Wesley J. Smith has a compelling essay over at First Things dealing with California bill AB 2747 and the assisted-suicide movement which has promoted it. AB 2747 is a nefarious piece of work that would force doctors into active euthanasia.
In the essay, Smith also examines how euthanasia advocates have skillfully connected the issues of palliative care (including hospice ministry) to euthanasia (both active and passive) and physician-assisted suicide. Smith's own background in hospice care required a strict attention to suicide prevention as "an essential part of the package, crucial to fulfilling a hospice’s call to value the lives and intrinsic dignity of each patient until the moment of natural death. Indeed, when I was trained as a hospice volunteer, my instructor pounded into my head the importance of reporting to the hospice team any suicide threats or yearnings my patient might express so they could initiate proper intervention. As a consequence of this philosophy, many patients who might have killed themselves were later very glad still to be alive to get the most of the time they had remaining."
But my, how things have changed. Nowadays, euthanasia activists have made many hospices (not to mention hospitals and nursing homes) into places where suicide is facilitated, not prevented. A tragic case in point? Oregon.
...Toward this end, advocates often point to a statistic involving assisted-suicide deaths in Oregon. According to the state, approximately 86 percent of people who died by swallowing poisonous overdoses under the Oregon law were receiving hospice care at the time they committed assisted suicide. Promoters of such “aid in dying” claim that this proves dying patients need the additional choice of a lethal prescription to ensure a “good death” if hospice care does not suffice.
But there is another way to look at it. What advocates don’t mention—and this is an issue about which the state bureaucrats seem utterly indifferent—is that most of Oregon’s assisted suicides were facilitated in some way by people affiliated with the assisted-suicide advocacy group Compassion and Choices (formerly the Hemlock Society), either as end-of-life “counselors” or as prescribing doctors after the patient’s own physician refused to write a lethal prescription. This means that the patients in the hospice who committed assisted suicide under Oregon’s law most likely did not receive suicide prevention—either because the hospice team was not alerted to their patient’s suicidal desire or perhaps the Oregon law has effectively short-circuited the prevention response by hospice professionals. In other words, rather than showing the need to expand hospice “services,” Oregon demonstrates how assisted suicide actually interferes with the proper delivery of hospice services—at least as the hospice was envisioned by Saunders.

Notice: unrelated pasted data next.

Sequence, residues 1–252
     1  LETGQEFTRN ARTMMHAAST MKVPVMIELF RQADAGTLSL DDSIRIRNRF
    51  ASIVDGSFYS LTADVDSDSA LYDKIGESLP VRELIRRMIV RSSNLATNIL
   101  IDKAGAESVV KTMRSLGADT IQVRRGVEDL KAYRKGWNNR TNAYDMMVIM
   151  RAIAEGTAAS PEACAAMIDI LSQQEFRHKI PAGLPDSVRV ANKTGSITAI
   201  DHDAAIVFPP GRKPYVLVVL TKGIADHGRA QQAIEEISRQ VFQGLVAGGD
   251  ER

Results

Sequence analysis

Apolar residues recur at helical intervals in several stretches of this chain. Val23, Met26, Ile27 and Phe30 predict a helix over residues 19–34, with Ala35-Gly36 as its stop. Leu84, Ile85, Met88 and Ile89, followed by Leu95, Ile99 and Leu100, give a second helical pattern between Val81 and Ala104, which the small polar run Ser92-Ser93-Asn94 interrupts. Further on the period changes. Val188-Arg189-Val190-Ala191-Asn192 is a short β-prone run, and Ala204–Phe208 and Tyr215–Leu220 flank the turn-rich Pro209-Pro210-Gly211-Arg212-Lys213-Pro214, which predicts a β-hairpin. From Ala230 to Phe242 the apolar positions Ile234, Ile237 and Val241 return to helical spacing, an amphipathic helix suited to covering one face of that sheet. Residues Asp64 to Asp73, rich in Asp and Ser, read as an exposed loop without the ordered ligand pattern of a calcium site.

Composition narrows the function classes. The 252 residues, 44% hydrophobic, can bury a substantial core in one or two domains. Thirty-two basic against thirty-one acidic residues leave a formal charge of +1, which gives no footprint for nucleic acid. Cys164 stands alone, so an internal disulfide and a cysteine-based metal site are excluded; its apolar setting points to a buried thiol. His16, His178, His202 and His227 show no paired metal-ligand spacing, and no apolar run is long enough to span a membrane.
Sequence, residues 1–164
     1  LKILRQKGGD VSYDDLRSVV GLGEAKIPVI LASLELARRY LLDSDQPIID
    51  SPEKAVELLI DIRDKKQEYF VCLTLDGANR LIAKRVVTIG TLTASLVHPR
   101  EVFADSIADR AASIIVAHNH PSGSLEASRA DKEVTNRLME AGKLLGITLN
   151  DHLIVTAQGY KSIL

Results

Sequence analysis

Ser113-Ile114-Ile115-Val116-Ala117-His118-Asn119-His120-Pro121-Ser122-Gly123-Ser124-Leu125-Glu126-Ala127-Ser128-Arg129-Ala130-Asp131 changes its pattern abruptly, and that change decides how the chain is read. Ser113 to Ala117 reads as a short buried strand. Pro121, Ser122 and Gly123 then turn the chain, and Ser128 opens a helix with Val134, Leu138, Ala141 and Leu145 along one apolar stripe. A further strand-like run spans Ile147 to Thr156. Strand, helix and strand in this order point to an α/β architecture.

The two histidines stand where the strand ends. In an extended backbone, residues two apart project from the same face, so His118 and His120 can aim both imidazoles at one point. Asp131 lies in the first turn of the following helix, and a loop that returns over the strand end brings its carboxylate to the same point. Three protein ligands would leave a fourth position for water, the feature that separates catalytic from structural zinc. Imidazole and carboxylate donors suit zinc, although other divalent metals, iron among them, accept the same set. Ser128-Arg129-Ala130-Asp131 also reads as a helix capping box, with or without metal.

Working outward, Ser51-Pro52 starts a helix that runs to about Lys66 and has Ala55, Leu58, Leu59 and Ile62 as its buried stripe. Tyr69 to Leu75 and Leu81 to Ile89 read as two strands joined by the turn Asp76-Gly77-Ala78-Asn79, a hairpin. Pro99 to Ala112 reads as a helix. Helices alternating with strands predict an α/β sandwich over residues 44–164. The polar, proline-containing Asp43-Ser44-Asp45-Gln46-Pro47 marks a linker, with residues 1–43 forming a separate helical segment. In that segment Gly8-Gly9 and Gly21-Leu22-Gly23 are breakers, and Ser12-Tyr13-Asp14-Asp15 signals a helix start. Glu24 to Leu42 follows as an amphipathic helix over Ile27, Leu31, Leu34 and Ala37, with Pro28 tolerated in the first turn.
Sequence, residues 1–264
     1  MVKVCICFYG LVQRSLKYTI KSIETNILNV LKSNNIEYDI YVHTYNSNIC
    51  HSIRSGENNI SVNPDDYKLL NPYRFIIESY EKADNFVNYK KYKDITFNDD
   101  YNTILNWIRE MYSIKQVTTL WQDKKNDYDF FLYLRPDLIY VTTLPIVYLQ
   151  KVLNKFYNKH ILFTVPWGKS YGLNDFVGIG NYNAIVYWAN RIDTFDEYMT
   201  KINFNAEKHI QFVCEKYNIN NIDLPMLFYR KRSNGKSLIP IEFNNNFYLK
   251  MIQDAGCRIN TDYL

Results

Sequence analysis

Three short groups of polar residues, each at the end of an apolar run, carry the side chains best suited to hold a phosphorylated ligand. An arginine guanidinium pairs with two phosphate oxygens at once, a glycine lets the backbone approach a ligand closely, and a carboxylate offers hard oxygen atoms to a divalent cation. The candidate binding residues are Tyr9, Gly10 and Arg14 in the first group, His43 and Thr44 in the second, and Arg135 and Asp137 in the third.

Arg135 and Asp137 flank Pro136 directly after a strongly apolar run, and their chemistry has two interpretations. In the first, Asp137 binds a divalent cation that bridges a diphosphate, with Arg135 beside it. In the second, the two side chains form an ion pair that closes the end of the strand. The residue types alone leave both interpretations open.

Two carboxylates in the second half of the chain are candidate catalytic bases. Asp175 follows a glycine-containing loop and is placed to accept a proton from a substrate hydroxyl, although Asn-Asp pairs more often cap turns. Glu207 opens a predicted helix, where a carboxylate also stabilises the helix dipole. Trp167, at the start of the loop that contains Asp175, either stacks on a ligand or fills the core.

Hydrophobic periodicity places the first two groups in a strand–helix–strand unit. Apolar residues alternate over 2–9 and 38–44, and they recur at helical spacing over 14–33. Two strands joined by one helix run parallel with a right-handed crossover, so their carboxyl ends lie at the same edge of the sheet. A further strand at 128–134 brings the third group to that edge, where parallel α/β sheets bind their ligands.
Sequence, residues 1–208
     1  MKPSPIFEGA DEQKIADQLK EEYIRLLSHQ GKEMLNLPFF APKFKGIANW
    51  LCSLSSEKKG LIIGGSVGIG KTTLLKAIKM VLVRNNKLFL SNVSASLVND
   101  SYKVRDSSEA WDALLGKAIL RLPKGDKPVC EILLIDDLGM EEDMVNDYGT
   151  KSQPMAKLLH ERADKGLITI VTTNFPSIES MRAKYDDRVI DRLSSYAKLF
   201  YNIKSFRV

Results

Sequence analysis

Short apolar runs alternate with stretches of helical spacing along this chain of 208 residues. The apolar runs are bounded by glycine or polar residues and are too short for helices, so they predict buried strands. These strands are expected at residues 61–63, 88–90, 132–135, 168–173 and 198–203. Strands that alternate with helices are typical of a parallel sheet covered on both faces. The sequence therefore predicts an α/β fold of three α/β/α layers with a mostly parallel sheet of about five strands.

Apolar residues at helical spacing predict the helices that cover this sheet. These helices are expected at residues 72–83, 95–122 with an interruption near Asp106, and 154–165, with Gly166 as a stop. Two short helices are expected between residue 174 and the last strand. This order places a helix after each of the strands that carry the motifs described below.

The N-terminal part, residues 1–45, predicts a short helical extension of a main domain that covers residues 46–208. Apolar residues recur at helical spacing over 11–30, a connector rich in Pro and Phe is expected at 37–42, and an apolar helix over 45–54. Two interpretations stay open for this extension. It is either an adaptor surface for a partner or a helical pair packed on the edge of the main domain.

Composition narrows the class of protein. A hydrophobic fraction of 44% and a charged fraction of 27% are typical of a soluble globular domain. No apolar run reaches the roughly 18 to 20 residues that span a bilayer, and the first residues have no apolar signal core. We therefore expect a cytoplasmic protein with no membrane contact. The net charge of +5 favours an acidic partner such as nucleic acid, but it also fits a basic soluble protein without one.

There's yet more in Smith's essay of much importance. And I encourage you to take a few minutes and read it in its entirety.
For as Wesley Smith concludes, "Anyone who cares about the proper practice of medicine should be up in arms about the assisted-suicide movement’s attempt to make hospice and palliative sedation stalking horses for backdoor assisted suicide. Not only do such schemes subvert medicine by transforming legitimate medical interventions into life-terminating protocols, but proposals such as AB 2747 effectively deprofessionalize medical practice by reducing physicians to mere order-takers. Alas, this is par for the course for a movement obsessed with transforming killing into a legitimate answer to the problems of human suffering."